The Social Doctrine of the Church is something huge: you get the feeling it must take years to study it, years to understand at least part of it and more years to begin to put it into action. Yet it seems so important to try, because the world is in bad shape, the poor are suffering, and you want to do something!
But just as you can ask your iPhone: “Hey, Siri, how many cups in one quart?”, so too can you peruse Benedict XVI’s works and find what you’re looking for, even when reading with something else in mind.
And this is what I found:
DEUS CARITAS EST
THE PRACTICE OF LOVE
BY THE CHURCH
AS A “COMMUNITY OF LOVE”
27. It must be admitted that the Church’s leadership was slow to realize that the issue of the just structuring of society needed to be approached in a new way. (…) In 1891, the papal magisterium intervened with the Encyclical Rerum Novarum of Leo XIII. This was followed in 1931 by Pius XI’s Encyclical Quadragesimo Anno. In 1961 Blessed John XXIII published the Encyclical Mater et Magistra, while Paul VI, in the Encyclical Populorum Progressio (1967) and in the Apostolic Letter Octogesima Adveniens (1971), insistently addressed the social problem, which had meanwhile become especially acute in Latin America. My great predecessor John Paul II left us a trilogy of social Encyclicals: Laborem Exercens (1981), Sollicitudo Rei Socialis (1987) and finally Centesimus Annus (1991). Faced with new situations and issues, Catholic social teaching thus gradually developed, and has now found a comprehensive presentation in the Compendium of the Social Doctrine of the Church published in 2004 by the Pontifical Council Iustitia et Pax. Marxism had seen world revolution and its preliminaries as the panacea for the social problem: revolution and the subsequent collectivization of the means of production, so it was claimed, would immediately change things for the better. This illusion has vanished. In today’s complex situation, not least because of the growth of a globalized economy, the Church’s social doctrine has become a set of fundamental guidelines offering approaches that are valid even beyond the confines of the Church: in the face of ongoing development these guidelines need to be addressed in the context of dialogue with all those seriously concerned for humanity and for the world in which we live.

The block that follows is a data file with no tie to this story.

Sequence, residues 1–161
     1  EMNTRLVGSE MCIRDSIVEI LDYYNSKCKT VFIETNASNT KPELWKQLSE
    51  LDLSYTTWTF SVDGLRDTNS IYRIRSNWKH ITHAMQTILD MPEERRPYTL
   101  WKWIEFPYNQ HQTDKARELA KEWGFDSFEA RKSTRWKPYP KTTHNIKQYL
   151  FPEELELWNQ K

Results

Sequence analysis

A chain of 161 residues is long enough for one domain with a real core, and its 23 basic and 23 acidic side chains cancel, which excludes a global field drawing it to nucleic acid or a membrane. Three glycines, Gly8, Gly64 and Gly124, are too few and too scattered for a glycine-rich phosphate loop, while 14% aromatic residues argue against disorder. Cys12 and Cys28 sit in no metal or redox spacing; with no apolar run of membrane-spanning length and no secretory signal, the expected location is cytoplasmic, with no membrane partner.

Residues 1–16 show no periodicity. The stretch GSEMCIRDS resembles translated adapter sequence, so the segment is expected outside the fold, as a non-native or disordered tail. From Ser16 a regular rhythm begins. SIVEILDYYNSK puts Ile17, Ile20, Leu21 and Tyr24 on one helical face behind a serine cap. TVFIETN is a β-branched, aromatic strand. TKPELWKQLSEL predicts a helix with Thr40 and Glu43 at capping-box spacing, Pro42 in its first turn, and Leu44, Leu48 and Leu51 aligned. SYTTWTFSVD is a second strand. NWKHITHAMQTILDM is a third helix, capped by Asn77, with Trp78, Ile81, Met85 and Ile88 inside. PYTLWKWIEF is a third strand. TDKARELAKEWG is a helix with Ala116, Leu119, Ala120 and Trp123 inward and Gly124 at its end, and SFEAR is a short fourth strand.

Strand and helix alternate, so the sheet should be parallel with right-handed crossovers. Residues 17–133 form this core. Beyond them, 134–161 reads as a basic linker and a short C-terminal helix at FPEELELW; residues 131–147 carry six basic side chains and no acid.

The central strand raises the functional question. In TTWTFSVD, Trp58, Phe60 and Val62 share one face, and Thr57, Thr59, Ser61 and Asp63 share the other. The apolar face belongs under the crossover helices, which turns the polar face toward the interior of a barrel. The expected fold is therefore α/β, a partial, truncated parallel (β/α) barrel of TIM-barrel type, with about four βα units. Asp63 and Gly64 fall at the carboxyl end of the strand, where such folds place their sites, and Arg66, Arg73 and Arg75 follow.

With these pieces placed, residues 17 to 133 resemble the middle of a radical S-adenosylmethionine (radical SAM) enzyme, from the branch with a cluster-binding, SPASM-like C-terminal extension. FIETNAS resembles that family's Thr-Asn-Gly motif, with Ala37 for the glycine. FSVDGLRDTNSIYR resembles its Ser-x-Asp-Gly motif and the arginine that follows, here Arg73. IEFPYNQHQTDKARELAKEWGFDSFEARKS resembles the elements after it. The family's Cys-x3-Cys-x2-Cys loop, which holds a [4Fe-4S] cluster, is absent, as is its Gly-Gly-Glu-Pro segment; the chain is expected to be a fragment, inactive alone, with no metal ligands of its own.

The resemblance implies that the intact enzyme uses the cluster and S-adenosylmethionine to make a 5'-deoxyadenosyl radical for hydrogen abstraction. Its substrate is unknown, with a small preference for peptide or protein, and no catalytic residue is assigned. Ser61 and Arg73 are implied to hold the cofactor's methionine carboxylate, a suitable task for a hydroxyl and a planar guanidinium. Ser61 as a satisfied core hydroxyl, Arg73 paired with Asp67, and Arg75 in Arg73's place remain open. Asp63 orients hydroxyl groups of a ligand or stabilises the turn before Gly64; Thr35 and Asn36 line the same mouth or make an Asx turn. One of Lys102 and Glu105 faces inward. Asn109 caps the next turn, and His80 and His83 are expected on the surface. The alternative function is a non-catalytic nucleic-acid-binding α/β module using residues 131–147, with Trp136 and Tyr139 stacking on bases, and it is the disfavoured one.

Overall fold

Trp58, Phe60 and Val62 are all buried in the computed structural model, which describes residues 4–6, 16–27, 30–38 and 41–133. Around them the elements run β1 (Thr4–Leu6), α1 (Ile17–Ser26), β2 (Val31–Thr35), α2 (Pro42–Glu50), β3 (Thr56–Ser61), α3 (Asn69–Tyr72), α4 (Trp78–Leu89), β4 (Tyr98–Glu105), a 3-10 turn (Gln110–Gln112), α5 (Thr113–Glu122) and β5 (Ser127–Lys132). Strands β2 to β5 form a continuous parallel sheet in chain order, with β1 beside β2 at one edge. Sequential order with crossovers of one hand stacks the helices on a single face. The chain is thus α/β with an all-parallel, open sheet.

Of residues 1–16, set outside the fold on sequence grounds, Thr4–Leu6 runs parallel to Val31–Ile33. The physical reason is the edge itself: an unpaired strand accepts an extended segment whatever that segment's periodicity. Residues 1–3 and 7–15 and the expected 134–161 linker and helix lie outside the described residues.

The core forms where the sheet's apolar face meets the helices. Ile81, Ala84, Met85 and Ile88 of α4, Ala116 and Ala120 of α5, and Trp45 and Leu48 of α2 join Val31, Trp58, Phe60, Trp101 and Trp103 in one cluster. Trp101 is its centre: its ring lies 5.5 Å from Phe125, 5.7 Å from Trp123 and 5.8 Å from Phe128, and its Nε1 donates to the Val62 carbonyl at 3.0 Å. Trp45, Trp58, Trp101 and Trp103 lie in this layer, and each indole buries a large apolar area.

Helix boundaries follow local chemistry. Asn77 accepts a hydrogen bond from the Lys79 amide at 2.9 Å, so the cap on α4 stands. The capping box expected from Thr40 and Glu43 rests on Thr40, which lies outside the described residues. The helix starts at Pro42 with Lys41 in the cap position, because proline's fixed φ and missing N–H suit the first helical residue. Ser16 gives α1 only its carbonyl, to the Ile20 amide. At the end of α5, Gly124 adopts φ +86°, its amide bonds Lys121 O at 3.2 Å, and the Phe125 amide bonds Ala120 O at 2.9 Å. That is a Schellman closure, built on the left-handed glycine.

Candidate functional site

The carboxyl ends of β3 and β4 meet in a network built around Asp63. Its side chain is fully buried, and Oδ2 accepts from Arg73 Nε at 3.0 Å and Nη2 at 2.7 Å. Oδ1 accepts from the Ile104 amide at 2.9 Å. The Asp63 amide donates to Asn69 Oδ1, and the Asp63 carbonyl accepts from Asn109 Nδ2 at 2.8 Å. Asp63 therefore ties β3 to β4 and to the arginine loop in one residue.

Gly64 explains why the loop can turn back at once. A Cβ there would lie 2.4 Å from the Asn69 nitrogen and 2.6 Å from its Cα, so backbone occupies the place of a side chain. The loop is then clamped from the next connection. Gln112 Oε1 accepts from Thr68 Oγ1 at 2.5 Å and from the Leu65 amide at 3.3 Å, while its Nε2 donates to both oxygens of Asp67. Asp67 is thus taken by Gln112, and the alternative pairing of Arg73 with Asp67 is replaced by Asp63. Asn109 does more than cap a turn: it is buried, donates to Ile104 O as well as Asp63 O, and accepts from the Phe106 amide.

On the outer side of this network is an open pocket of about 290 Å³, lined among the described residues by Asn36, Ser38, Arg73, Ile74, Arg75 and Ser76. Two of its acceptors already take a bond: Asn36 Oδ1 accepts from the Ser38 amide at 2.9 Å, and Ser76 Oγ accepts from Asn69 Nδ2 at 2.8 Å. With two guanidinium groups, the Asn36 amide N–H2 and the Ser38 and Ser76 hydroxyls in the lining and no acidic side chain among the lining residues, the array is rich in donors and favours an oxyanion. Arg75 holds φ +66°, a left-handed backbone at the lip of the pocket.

When I was just trying to understand a little more about God’s love, here’s the practical definition and list of titles I needed to start studying the Social Doctrine of the Church!
It doesn’t mean that I’ve mastered it. But from now on, I’m walking confidently in the footsteps of an outstanding teacher. A few more years and maybe I can do something for the world.
Laure & Paul (DC)